Cross the bridge over to the other side to find the indoor mall that has more restaurants and stores.
8. Kitano Ijinkan (Former Foreign Resident Mansions)
The Kitano Ijinkan (City Loop Stop 10) is where you can find European-looking mansions. These used to be the residences for many of the foreigners living in Japan in the past. In fact, it is the highest concentration of Foreign Residences that still remains in Japan and of which, 20 of them are opened for travellers to visit! Be transported to Europe when you walk along some of these residences!
9. Nunobiki Herb Garden and Ropeway
This was our favourite attraction and the highlight of our trip to Kobe! You can get to the Ropeway Station on City Loop Stop 11 or the closest station would be the Shin-Kobe Station.
There are two ways to get up to the Herb Garden, either by taking a hike or via the ropeway. Since it was scorching hot, we decided to take a two way trip via the Ropeway. For those who wish to hike, we were told that it is a 40 minute hike to the mid-station and another 25 minute hike up to the top. On your way from the bottom to the mid-station, you'll be able to see the Nunobiki Falls.
(p.s. we managed to get a glimpse of it while on the ropeway and thankfully we didn't have to hike up to see it.. It was... not exactly huge?)
Otherwise, another way is to take the ropeway up and hike down!
We weren't in hiking gear so its up via the ropeway! The Herb Garden looks European and we felt as though we were transported to those factory outlet stores in Europe! Another plus point is that there aren't that many tourists up here so we really felt like we had the entire place to ourselves.
We took our time to explore the place and went through the herb market. They sell lots of various herbs and are great for those with green fingers!
There are also cafes selling snacks, ice-cream, and cold drinks that you can purchase to cool yourselves down! This place would have been even more magical in winter! :)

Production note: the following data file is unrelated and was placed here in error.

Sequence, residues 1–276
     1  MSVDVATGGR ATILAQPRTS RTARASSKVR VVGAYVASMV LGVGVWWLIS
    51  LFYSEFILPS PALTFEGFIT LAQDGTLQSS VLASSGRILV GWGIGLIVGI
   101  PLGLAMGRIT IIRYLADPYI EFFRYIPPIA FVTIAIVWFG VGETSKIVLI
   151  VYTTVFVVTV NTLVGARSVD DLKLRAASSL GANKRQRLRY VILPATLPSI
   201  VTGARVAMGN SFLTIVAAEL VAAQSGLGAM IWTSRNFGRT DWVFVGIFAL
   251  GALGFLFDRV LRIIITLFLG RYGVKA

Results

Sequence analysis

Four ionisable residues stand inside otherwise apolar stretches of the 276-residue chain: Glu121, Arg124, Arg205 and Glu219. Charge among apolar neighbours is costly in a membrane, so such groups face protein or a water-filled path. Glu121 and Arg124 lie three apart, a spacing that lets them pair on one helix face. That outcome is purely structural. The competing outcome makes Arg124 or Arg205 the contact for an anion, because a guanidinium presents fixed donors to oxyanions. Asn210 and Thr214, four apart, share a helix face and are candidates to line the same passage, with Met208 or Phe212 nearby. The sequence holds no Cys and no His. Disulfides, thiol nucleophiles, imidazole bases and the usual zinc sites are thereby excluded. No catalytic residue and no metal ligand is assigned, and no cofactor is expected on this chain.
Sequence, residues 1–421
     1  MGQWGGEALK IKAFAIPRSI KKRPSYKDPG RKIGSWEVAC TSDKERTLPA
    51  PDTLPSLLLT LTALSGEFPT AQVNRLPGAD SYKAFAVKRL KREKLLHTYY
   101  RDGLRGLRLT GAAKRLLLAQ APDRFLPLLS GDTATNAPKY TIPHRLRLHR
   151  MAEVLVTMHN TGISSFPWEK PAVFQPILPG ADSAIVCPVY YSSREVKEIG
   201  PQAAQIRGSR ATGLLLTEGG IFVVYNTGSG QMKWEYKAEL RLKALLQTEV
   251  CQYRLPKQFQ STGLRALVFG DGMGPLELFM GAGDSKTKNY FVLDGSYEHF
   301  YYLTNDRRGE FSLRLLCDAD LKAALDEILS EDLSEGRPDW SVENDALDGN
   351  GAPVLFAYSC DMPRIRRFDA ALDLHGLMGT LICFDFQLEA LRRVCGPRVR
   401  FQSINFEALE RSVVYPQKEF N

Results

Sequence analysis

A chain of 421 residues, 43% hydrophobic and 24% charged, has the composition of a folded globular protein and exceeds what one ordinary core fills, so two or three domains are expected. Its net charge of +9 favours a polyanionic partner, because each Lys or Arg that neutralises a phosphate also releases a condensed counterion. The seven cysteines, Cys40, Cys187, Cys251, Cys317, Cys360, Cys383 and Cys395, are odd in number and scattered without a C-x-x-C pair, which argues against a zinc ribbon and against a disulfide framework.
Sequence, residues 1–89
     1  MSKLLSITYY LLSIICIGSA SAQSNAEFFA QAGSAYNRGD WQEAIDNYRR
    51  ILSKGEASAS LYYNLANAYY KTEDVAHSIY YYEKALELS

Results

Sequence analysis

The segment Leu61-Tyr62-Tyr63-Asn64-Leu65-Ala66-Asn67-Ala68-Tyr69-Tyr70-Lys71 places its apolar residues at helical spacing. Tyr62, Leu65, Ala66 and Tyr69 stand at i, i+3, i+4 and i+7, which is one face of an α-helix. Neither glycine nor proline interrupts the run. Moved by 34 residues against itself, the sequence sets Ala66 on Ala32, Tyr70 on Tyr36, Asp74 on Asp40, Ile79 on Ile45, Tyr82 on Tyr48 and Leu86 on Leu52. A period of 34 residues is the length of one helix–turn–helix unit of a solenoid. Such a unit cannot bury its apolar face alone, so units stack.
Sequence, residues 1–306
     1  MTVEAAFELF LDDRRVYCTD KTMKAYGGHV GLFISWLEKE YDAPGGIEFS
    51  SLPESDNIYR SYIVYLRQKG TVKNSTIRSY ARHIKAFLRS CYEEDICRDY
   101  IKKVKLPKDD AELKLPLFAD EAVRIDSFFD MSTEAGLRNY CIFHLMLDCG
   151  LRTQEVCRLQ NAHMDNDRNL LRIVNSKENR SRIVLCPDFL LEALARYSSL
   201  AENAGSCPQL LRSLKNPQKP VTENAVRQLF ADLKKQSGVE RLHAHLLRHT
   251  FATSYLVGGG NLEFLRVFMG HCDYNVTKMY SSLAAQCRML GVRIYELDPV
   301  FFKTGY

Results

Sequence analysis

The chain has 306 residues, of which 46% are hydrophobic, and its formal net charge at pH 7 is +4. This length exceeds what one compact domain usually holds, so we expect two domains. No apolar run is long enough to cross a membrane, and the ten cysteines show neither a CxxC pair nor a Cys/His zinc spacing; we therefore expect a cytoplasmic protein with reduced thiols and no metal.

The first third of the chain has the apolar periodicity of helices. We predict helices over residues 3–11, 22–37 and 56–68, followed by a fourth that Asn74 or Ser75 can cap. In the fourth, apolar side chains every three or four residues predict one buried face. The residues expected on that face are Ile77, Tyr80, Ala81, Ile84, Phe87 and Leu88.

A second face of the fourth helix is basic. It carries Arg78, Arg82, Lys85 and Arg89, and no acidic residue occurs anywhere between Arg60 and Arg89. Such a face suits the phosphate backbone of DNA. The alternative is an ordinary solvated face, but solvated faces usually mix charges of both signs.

Walking further in you'll find a building with a theatre of some sort, it looks quite grand and we really can't imagine how it would be like if there really is a concert going on here!
We then made our way down to the mid-station and on your way, you'll find the crystal palace that you've been seeing in all the guidebooks. There's no other way to get there so you'll definitely have to take the stroll. Since it is downhill, it wasn't that difficult after all!
Along the way, you'll also see many greenery and flowers that you can stop by to learn more about it or just take some instagram-worthy shots!
The crystal palace is our destination! There are slopes for those families with strollers and it is definitely wheelchair-friendly. For a faster way, take the stairs to the palace.
It's beautiful! Here, you can roam around the greenhouse where there are lots of plants and interior decoration featuring how you can utilise plants as decoration. There's also a children's playroom area.
On the deck, you can also get a great view of the city of Kobe! It was kind of misty and cloudy when we were up there, and the actual scene looks a lot better than this picture!
We also splurged on expensive coffee at the cafe there! But it was well-worth it. The interior is cozy, and the view was awesome! Plus points for the comfortable air-conditioning! :)
Instead of walking back up to the top station, we walked downhill and found a beautiful sunflower field! Best part was that there were absolutely no photo bombers, so we took our time to admire these flowers and took some shots! :)
All in all, if there is one place that you must go when visiting Kobe, it will be the Nunobiki Herb Garden in our opinion!
Have you been to Kobe? Share with us your experiences!